To schedule a burial: Fax all discharge documentation to the National Cemetery Scheduling Office at 1-866-900-6417 and follow-up with a phone call to 1-800-535-1117.
From the flag assembly area looking southward, Mt. Rainier is ever present. A magnificent setting for the final resting place of our nation's heroes, our veterans.
The Public Information Center is manned totally by volunteers. These volunteers help the visitors that come to Tahoma National Cemetery with many questions and concerns. They also coordinate with cemetery personnel on the funeral corteges and getting the family to the correct shelter for the committal service.
Military Funeral Honors
Tahoma National Cemetery has a Veterans Service Organization Honor Guard Association. These veterans provide honors to 90 percent of the veterans interred here. The Association is made up of The American Legion, Veterans of Foreign Wars, Disabled American Veterans, Elks Club, and other organizations.
back to top
Tahoma National Cemetery was established Nov. 11, 1993, and opened for interments on Oct. 1, 1997. The cemetery was dedicated on Sept. 26, 1997. Phase II was completed in March 2006. The $6 million project includes over 12,000 new columbarium niches, more than 5,000 pre-placed crypts, road improvements, new signage, a third committal shelter and a third funeral cortege lane at the Public Information Center.
Monument and Memorials
Tahoma has a Memorial walkway containing 28 memorials that commemorate soldiers of various 20th century wars, donated by various service organizations. At the northeast corner of the walkway is the POW-MIA flag.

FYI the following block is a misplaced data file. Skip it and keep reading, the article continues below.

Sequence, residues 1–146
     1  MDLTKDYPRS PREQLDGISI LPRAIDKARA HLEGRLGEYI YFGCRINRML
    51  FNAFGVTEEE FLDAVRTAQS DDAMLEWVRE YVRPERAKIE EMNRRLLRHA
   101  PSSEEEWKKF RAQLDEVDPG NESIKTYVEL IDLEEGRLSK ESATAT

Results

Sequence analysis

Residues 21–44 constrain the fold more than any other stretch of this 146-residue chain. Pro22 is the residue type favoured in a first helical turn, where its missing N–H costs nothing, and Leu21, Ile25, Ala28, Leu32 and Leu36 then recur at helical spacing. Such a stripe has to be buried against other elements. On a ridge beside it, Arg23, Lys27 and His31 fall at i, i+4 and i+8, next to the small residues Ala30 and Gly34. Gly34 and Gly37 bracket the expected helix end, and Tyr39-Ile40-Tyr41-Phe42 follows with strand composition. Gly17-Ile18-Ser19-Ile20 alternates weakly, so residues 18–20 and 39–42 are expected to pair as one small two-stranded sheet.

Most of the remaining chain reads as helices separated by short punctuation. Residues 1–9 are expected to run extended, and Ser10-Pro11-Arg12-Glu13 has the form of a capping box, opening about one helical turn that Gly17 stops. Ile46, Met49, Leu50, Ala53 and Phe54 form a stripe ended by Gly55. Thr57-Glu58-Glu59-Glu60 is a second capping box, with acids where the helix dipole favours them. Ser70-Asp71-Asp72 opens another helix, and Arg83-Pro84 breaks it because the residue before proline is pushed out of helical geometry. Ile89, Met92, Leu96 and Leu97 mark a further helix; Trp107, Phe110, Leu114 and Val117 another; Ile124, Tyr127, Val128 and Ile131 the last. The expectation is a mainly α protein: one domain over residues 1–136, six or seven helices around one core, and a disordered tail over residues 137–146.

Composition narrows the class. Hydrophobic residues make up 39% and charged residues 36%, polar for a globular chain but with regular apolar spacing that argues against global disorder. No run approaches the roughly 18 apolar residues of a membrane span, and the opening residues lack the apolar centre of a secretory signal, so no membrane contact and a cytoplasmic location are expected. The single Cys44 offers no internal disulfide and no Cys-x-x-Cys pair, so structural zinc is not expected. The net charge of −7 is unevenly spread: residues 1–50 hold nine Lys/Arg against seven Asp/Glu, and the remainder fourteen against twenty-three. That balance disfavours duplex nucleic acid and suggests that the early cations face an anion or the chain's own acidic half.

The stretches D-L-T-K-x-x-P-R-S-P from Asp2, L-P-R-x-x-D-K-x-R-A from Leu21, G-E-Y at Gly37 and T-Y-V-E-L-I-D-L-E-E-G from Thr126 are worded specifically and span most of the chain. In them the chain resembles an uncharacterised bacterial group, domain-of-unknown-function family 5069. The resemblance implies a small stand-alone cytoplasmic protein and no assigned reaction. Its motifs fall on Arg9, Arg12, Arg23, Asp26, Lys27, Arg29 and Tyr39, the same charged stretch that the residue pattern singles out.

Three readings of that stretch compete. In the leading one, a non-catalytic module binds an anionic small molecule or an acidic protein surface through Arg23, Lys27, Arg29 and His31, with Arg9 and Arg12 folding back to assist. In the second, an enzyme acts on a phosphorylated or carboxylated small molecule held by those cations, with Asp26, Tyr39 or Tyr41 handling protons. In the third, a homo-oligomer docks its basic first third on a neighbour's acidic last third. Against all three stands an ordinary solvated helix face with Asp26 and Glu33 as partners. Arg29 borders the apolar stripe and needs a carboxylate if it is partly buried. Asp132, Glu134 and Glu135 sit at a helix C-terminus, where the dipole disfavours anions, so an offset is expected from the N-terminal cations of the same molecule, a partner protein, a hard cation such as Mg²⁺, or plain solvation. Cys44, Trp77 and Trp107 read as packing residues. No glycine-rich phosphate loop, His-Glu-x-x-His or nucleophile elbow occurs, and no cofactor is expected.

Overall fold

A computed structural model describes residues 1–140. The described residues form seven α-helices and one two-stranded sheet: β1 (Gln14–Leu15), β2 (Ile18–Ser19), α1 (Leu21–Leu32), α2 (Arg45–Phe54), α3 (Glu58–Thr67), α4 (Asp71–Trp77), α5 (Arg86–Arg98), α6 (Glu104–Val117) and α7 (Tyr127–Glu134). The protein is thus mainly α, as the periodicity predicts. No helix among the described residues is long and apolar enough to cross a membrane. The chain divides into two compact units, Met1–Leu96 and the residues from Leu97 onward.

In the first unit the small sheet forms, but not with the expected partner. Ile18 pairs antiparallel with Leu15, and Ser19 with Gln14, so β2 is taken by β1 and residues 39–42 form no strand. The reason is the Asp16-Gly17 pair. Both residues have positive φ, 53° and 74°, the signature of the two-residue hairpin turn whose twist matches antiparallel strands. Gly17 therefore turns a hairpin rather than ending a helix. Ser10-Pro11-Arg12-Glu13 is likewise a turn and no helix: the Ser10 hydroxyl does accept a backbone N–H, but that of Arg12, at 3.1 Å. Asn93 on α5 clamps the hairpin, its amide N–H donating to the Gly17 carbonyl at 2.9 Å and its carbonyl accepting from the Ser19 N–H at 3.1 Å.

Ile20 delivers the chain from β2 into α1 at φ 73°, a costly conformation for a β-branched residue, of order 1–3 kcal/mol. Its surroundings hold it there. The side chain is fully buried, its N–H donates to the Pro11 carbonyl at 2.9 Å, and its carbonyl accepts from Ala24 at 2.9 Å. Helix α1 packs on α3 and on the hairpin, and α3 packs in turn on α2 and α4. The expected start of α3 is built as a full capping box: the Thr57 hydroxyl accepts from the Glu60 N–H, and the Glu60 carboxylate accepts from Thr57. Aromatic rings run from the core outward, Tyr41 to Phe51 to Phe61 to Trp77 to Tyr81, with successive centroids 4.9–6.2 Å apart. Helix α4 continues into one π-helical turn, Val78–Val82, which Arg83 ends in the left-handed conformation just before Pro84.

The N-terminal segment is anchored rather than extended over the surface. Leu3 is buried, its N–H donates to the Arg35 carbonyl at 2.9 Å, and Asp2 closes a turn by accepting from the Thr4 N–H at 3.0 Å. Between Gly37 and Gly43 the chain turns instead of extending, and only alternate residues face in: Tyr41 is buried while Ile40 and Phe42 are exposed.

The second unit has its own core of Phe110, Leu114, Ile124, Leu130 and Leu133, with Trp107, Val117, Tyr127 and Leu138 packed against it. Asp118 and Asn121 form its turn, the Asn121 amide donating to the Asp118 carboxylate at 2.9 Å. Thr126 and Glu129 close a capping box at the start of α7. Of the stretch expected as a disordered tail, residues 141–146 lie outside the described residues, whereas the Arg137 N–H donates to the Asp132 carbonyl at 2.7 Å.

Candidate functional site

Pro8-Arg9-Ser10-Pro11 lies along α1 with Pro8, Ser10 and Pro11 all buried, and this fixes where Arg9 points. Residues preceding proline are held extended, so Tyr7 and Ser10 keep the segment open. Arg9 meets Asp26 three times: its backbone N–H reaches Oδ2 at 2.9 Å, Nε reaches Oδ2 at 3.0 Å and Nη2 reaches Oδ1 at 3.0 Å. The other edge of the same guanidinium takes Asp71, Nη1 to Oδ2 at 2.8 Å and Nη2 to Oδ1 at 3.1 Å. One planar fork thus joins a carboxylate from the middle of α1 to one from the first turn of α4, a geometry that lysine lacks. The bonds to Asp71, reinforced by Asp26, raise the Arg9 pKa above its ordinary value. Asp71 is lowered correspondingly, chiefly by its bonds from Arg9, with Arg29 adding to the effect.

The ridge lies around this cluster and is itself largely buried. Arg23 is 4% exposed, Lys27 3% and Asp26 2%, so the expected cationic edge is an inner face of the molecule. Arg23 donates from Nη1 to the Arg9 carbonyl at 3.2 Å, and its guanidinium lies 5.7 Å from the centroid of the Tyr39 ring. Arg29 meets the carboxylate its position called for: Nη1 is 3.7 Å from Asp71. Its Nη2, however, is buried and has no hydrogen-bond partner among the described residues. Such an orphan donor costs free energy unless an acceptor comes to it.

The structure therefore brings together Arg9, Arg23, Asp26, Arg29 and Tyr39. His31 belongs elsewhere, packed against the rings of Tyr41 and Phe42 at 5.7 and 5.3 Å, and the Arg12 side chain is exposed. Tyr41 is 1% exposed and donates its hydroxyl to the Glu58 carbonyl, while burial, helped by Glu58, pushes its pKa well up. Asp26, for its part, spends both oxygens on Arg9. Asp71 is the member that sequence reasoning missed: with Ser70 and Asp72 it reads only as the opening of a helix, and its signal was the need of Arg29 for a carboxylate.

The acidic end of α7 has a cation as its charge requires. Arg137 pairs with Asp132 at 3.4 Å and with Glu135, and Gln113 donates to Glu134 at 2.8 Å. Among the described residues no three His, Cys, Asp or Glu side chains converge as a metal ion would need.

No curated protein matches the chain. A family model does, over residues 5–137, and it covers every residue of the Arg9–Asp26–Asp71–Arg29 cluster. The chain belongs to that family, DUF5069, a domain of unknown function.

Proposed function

A Blue Star Memorial is located north of the Public Information Center. The marker was originally part of a banner that families displayed in their homes during the 1940s to signify that they had a loved one fighting in World War II. Today, the marker honors all veterans.
back to top
Medal of Honor Recipients
Second Lieutenant Jesse T. Barrick (Civil War), 57th Regiment of the U.S. Colored Infantry. Near Duck River, Tenn., May 26 - June 2, 1863 (Section 8, Grave 108).
Private First Class Dexter J. Kerstetter (World War II), Company C, 130th Infantry, 33rd Infantry Division. Near Galiano, Luzon, Philippine Island, April 13, 1945 (Section 9B, Grave 12).
Sergeant First Class Nathan Ross Chapman -- first American serviceman to die from hostile fire in the war in Afghanistan in 2002. Sergeant Chapman was a communications specialist with the 1st Special Forces Group at Fort Lewis, Wash. (Section 6, Grave 33).
Francis Agnes -- former POW (1941 to 1945), survivor of the Bataan Death March, founder of the Tahoma National Cemetery Support Group (Section 24, Grave 717).
back to top
Cemetery policies are conspicuously posted and readily visible to the public.
The cemetery staff will place three floral arrangements, which accompanied the casket or urn at the time of burial, on the completed grave. Natural cut flowers may be placed on graves at any time of the year. They will be removed when they become unsightly or when it becomes necessary to facilitate cemetery operations such as mowing.
Artificial flowers will be permitted on graves during periods when their presence will not interfere with grounds maintenance. As a general rule, artificial flowers will be allowed on graves for a period extending 10 days before through 10 days after Easter Sunday and Memorial Day.
Christmas wreaths, grave blankets and other seasonal adornments may be placed on graves from Dec. 1 through Jan. 20. They may not be secured to headstones or markers.
Permanent plantings, statues, vigil lights, breakable objects and similar items are not permitted on the graves. The Department of Veterans Affairs does not permit adornments that are considered offensive, inconsistent with the dignity of the cemetery or considered hazardous to cemetery personnel. For example, items incorporating beads or wires may become entangled in mowers or other equipment and cause injury.
Permanent items removed from graves will be placed in an inconspicuous holding area for one month prior to disposal. Decorative items removed from graves remain the property of the donor but are under the custodianship of the cemetery. If not retrieved by the donor, they are then governed by the rules for disposal of federal property.
back to top